Parents Responding to Child Who Wants to Be the Opposite Sex

First, a word to you as parents. There's nothing wrong or unusual about gentleness and sensitivity in a boy. To an important degree, that's just a culturally influenced myth. The issue you're facing in this area is how to build into him masculine qualities that are consistent with his character and true to his nature. There's no such thing as "a typical boy" and no single right way to become a man. When it comes to the practical challenges of guiding and molding well-adjusted boys in the modern world, we'd suggest that it's not so much what boys do that matters as how they go about doing it.

That said, we need to add that situations like the one you've described – cases in which a young boy seems to have a definite and persistent unwillingness to accept his male identity ("I'm not a boy! I want to be a girl!") – are uncommon and require formal evaluation by a professional who is qualified to deal with behavioral issues and gender confusion in children. Accordingly, we'd advise you to seek counseling for your son and family right away. Be sure, however, to find out where the therapist stands on this issue. Don't entrust your son to someone who will affirm and encourage his rejection of his own maleness and masculinity. Also avoid counsel that heaps on shame or gives simplistic answers. Before committing to a course of therapy, ask the potential counselor what his training and perspective are on transgenderism and how he or she would approach it in a clinical context. If necessary, show the therapist some of Focus on the Family's materials on the subject (we'd especially recommend our series of articles on Transgenderism) and say, "Does this analysis resonate with you?"  If not, look for a mental health professional who can work with your family on the level of your own faith commitment while maintaining a gentle and compassionate approach to the needs of your son and your family.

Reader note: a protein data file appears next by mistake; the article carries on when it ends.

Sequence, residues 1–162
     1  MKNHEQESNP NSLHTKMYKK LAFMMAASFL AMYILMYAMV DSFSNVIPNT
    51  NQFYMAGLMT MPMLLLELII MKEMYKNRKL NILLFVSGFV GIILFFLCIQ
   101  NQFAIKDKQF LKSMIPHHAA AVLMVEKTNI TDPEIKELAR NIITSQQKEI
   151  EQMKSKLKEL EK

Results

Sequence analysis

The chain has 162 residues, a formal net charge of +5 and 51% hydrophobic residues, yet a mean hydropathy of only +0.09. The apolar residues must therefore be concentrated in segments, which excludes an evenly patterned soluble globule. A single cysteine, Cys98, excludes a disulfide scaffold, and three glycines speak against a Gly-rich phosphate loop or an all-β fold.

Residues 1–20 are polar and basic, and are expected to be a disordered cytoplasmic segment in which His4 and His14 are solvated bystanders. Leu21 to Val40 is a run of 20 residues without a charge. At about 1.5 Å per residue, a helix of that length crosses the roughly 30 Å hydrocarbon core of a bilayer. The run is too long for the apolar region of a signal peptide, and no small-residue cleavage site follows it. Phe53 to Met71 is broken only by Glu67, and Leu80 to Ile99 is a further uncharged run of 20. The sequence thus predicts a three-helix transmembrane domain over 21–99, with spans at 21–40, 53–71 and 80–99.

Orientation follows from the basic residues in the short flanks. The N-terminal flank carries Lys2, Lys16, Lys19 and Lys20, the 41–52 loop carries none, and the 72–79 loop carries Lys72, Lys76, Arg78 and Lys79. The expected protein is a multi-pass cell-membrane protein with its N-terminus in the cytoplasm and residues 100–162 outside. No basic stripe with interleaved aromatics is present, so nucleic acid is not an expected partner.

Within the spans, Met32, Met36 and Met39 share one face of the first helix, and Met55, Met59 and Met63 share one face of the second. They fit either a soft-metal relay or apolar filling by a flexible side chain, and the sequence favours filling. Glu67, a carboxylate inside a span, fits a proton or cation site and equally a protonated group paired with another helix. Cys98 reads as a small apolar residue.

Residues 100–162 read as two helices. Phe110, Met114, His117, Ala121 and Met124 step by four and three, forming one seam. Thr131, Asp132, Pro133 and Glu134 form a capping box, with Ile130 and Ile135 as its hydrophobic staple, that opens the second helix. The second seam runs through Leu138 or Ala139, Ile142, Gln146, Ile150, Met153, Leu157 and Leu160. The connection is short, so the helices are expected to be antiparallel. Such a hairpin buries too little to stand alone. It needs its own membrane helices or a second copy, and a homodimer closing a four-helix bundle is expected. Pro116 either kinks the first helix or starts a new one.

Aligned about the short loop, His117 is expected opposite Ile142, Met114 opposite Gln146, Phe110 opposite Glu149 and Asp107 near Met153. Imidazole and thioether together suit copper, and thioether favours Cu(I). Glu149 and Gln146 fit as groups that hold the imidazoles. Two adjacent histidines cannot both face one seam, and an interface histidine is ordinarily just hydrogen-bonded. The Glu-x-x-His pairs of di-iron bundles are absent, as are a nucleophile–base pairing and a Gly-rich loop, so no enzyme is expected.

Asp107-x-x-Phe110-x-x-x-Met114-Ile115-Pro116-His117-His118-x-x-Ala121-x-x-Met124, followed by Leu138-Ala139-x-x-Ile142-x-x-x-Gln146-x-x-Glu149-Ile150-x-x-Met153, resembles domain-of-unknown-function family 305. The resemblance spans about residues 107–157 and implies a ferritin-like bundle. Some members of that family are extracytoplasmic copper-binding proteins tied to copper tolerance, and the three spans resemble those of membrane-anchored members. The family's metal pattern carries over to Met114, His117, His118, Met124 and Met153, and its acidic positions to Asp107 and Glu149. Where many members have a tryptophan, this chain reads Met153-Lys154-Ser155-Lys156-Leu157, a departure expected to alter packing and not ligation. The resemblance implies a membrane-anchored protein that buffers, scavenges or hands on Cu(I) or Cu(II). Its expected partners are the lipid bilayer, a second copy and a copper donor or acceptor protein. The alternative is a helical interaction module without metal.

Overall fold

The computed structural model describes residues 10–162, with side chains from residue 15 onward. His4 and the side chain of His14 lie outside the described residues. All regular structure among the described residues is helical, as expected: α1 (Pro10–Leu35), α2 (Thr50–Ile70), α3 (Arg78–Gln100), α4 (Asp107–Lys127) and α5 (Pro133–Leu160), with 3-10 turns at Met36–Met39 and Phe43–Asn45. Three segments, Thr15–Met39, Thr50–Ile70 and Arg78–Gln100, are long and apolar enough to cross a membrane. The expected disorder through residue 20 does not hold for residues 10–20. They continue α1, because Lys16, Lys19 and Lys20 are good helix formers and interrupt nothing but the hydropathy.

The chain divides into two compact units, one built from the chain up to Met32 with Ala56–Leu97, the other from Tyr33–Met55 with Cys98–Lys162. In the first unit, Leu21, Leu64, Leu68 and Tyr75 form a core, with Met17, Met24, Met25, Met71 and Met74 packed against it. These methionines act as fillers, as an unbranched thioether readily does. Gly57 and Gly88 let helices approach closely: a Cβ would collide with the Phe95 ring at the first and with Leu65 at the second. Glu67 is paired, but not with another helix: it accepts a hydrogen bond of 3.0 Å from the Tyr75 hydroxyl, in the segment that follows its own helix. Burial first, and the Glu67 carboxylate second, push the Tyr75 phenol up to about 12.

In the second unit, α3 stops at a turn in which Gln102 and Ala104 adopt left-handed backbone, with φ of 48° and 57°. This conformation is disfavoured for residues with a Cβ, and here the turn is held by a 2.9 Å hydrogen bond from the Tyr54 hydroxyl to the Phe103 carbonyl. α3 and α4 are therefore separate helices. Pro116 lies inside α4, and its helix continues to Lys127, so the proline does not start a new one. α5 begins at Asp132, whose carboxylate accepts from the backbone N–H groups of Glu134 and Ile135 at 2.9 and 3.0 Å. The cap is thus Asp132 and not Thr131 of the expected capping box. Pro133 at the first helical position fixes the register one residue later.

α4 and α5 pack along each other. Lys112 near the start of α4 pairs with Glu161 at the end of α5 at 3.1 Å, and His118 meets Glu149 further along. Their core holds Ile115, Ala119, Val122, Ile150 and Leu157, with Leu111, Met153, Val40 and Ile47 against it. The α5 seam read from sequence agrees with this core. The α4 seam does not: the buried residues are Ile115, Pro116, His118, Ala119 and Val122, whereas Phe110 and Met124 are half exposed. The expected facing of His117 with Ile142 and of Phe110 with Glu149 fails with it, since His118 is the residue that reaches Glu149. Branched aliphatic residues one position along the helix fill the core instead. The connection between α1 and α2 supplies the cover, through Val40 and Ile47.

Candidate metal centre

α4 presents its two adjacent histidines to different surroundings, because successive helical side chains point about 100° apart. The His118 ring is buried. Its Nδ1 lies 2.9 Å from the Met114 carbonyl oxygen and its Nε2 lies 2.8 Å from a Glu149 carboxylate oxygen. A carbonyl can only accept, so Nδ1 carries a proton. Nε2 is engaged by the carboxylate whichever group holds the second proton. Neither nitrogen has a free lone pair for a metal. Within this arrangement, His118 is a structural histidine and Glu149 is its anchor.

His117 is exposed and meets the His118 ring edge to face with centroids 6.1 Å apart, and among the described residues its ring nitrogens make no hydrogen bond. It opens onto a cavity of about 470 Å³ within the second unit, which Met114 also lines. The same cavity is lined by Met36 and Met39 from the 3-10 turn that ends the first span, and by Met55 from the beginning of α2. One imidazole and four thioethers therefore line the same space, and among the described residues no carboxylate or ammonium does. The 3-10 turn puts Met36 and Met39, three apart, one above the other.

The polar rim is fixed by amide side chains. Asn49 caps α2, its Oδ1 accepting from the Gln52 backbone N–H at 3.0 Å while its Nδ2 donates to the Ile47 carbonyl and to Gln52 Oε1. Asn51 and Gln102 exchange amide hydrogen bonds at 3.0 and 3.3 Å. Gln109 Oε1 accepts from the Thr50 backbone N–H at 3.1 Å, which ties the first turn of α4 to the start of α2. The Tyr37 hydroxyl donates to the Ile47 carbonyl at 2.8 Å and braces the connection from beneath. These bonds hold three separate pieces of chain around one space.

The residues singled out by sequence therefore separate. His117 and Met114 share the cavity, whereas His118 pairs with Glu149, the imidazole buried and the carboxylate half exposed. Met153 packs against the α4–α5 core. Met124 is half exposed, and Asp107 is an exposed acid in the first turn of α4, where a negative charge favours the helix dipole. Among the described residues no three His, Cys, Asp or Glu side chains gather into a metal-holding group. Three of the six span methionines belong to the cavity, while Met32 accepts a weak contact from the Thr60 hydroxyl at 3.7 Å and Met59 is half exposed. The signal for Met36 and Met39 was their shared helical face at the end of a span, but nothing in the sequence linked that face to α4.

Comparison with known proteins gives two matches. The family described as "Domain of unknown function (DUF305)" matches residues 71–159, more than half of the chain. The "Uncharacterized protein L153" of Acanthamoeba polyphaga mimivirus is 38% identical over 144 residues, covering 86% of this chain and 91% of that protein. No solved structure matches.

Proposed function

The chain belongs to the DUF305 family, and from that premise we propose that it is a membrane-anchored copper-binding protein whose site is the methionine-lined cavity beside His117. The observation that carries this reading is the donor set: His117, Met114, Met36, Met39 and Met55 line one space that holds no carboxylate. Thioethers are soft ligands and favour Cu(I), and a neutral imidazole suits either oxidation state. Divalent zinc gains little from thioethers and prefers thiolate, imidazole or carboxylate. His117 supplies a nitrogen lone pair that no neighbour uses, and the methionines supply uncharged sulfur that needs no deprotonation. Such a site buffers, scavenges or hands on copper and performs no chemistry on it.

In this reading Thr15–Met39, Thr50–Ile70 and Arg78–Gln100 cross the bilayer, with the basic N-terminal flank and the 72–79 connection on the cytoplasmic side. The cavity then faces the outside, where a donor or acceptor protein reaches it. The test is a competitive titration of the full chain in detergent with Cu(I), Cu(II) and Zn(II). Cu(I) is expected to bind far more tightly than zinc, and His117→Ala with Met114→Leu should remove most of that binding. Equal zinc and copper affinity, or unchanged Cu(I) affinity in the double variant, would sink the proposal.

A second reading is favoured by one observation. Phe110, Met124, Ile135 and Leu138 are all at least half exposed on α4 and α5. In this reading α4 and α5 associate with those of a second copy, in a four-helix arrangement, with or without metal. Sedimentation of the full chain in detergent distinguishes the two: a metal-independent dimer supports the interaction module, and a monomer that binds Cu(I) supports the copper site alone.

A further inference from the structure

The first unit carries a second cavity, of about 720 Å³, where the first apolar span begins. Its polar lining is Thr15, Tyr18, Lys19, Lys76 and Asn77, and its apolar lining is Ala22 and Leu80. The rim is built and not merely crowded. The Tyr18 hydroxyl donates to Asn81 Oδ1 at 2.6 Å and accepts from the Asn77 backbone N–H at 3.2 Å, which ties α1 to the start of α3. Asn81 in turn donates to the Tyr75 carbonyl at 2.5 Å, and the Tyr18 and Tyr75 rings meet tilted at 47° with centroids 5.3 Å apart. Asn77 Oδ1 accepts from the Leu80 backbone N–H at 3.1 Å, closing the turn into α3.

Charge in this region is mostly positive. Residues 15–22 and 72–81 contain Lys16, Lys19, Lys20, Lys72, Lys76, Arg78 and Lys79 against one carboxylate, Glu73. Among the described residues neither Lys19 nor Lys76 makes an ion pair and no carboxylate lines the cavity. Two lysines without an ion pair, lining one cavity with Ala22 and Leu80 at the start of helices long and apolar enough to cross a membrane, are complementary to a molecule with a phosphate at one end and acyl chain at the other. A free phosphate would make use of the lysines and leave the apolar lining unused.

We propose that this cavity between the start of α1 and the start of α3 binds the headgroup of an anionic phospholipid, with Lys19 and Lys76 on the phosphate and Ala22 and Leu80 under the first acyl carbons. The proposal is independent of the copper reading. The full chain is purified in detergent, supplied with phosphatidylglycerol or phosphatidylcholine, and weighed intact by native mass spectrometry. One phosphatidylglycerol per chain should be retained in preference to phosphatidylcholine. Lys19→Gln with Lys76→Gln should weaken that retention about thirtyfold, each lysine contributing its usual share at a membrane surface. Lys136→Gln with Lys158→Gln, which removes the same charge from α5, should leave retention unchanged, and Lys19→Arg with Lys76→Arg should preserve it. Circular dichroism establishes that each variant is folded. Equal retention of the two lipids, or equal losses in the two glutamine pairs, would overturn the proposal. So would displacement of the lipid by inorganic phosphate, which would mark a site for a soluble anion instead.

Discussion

To this we would add that family dynamics can often play an important role in the genesis of gender non-conformity or gender dysphoria. A boy who reacts against his biological sex-assignment and manifests this reaction in his behavior can sometimes be acting as a messenger or "symptom-bearer" for the rest of the family – or at the very least, indicating extra-familial stressors that he's absorbed from his world in some way (the situation with the child at school who's identifying as the opposite sex might fall into this category). Whether he realizes it or not, he may be calling attention to deeper issues embedded within the fabric of the environment in which he is growing up. In such instances, the best plan of action is to get the entire family into family-systems counseling. This way the family and the circumstances surrounding a child, including factors beyond the immediate borders of the home, can be considered.

Due to the complex nature of gender non-conformity, a number of factors can be involved. It would be good to ask yourself if some of your child's feelings might be connected with a recent crisis. Are you and your spouse struggling in your marriage? Has there been a death or a serious illness in the family? Has something happened to place unaccustomed strain on your son's relationships with family members, friends, teachers, or peers? If so, a sudden and intense interest in "becoming a girl" could simply be a way of escaping the pain or signaling some other facet of emotional connection or expression which is legitimately needed.

Here at Focus on the Family we have a staff of trained family therapists available to provide you with sound advice and practical assistance over the phone. If you'd like to discuss your concerns with one of them, you can contact our counselors for a free consultation.

 

Resources
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